Technology and the Decline in Communication
Our power went out this weekend, just as I was watching Netflix on my iPad, texting my neighbor, shopping for the holidays on my laptop and getting ready to put a load of laundry in the dryer. Out of nowhere, it wasn’t even raining that hard, my multitasking, connected afternoon went instantly dark and quiet.
We have candles, we have battery operated radios and lanterns, cabinets full of food, I would be fine. Nature had invited me to stop for a bit and literally unplug. I could relax, write a letter, read an actual book or a magazine, take a nap, any number of calming, restorative ideas come to mind now.
However, on that afternoon, I was instantly swept into a sort of temporary disconnected panic, and immediately went to check my phone—not because it was ringing, or I needed it for anything, I checked it out of habit, and, really to feel less alone.
The complicated, intimate relationships we have with our devices is a research focus for Sherry Turkle, a PhD at MIT who is also the Director of their Initiative on Technology and Self. In her 2012 Ted Talk Connected, but alone? She reminds us:
These days, those phones in our pockets are changing our minds and hearts because they offer us three gratifying fantasies. One, that we can put our attention wherever we want it to be; two, that we will always be heard; and three, that we will never have to be alone. And that third idea, that we will never have to be alone, is central to changing our psyches. Because the moment that people are alone, even for a few seconds, they become anxious, they panic, they fidget, they reach for a device. Just think of people at a checkout line or at a red light. Being alone feels like a problem that needs to be solved. And so people try to solve it by connecting. But here, connection is more like a symptom than a cure. It expresses, but it doesn't solve, an underlying problem. But more than a symptom, constant connection is changing the way people think of themselves. It's shaping a new way of being.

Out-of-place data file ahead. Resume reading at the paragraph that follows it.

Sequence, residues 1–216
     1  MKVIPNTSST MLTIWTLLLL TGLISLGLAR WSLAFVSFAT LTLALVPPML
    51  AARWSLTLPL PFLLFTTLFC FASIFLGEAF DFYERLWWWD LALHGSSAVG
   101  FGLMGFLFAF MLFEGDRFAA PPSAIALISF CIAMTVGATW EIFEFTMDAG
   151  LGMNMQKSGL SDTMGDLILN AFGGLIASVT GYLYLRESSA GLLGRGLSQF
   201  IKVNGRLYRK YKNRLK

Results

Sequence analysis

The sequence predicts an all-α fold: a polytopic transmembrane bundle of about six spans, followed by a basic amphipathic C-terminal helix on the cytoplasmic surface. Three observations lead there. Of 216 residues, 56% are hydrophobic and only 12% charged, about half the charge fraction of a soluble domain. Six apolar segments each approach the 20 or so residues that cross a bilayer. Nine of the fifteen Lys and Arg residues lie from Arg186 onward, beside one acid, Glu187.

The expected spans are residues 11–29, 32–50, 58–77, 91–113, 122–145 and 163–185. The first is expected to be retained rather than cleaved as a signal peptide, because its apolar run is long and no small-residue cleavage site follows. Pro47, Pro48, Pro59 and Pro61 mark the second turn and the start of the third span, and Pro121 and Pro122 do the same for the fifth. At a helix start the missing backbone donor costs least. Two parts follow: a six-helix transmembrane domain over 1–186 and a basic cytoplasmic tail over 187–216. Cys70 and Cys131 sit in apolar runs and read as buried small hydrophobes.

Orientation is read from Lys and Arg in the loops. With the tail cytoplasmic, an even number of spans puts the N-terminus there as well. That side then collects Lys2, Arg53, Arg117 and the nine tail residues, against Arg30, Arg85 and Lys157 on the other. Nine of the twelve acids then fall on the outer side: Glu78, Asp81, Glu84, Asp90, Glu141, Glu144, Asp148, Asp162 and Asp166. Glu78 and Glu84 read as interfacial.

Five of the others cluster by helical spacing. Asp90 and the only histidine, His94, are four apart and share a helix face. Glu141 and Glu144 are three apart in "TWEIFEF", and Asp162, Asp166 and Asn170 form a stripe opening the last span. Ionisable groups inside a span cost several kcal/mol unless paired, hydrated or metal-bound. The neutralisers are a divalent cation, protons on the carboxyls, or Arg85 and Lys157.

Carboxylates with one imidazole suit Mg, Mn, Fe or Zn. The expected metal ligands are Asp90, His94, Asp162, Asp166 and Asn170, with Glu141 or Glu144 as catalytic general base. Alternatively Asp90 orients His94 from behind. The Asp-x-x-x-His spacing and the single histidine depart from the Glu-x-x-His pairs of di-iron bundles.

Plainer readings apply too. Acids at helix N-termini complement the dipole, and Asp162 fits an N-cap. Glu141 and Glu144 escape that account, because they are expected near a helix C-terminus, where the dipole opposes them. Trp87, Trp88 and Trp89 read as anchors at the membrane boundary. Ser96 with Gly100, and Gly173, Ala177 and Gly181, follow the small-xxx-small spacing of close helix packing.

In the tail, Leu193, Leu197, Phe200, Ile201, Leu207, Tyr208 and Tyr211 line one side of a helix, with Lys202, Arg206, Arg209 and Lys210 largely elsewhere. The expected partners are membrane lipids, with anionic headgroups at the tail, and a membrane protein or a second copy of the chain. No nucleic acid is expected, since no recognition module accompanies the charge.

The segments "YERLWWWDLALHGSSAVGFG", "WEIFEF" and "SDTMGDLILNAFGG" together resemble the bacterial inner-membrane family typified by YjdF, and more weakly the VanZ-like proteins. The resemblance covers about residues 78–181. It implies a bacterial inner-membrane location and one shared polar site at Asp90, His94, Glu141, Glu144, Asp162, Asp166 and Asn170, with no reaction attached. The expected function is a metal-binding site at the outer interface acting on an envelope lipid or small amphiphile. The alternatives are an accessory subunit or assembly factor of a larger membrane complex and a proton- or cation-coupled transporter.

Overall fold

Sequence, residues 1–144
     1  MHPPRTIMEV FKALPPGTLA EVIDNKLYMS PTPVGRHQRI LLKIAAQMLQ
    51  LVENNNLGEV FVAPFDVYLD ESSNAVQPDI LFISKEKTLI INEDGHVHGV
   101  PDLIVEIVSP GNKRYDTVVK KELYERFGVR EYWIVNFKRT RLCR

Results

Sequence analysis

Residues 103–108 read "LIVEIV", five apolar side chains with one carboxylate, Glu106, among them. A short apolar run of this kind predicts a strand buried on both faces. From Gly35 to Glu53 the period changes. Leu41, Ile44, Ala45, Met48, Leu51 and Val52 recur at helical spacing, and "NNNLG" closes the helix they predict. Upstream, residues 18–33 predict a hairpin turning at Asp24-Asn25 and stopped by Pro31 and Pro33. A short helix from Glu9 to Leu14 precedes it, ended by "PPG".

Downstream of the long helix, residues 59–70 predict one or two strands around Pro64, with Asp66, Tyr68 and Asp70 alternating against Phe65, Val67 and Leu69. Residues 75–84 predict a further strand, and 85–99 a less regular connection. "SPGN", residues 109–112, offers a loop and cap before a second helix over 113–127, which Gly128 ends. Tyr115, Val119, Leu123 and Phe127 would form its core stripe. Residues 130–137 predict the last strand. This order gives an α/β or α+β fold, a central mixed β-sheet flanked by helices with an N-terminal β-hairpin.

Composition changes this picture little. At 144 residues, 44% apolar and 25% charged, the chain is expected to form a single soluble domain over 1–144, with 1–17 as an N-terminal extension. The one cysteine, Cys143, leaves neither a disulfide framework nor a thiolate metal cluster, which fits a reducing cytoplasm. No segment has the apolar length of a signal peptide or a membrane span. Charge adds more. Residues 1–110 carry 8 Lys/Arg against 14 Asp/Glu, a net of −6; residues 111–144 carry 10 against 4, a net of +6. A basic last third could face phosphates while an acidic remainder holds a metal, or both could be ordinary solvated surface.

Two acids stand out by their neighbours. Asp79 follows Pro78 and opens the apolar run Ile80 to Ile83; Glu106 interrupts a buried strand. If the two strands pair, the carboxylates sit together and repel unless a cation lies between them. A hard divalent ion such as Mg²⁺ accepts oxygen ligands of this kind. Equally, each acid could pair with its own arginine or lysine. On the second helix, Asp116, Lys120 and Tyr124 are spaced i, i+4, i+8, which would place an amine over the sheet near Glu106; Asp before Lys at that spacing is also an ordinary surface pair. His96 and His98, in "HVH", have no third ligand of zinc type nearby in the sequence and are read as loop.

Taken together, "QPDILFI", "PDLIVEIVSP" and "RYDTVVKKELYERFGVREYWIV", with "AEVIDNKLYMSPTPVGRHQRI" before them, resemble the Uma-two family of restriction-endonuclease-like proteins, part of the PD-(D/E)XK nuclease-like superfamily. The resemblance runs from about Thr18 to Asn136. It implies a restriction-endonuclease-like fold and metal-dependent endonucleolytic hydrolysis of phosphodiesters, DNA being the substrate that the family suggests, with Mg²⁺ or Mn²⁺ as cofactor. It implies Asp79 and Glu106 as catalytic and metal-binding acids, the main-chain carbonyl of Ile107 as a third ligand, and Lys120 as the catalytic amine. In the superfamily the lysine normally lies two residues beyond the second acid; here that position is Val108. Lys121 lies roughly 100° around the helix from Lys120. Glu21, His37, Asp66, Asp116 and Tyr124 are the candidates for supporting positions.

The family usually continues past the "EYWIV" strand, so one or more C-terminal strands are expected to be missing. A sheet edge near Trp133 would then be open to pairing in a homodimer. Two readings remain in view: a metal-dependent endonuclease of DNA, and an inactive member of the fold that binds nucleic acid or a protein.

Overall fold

Technology has fundamentally changed how I make connections and continues to redefine how I relate to others and communicate. It takes effort to be alone, and even more effort to be present with another person without succumbing to the persistent tug of what I may be missing by not checking my phone.
In Turkle’s new book Reclaiming Conversation: The Power of Talk in a Digital Age, she makes a connection between our dependence on digital technology and our progressive inability to self-reflect, be alone, and have empathy.
I look forward to reading it during the next power outage and continuing to explore ways we can all cultivate stronger relationships that are not mediated by technology.
Jennifer Albrecht, Vice President of Professional Development, has been teaching and consulting with Learn iT! since 1997. Since joining Learn iT!, Jennifer has built and facilitated all of Learn iT!’s Professional Development classes including Communication, Leadership, Negotiating and Decision Making.
Jennifer strongly believes in Learn iT!’s 8 Step Model for Learning and applies it in all of the classes she builds and facilitates. Further information on the 8 Step Model can be found here.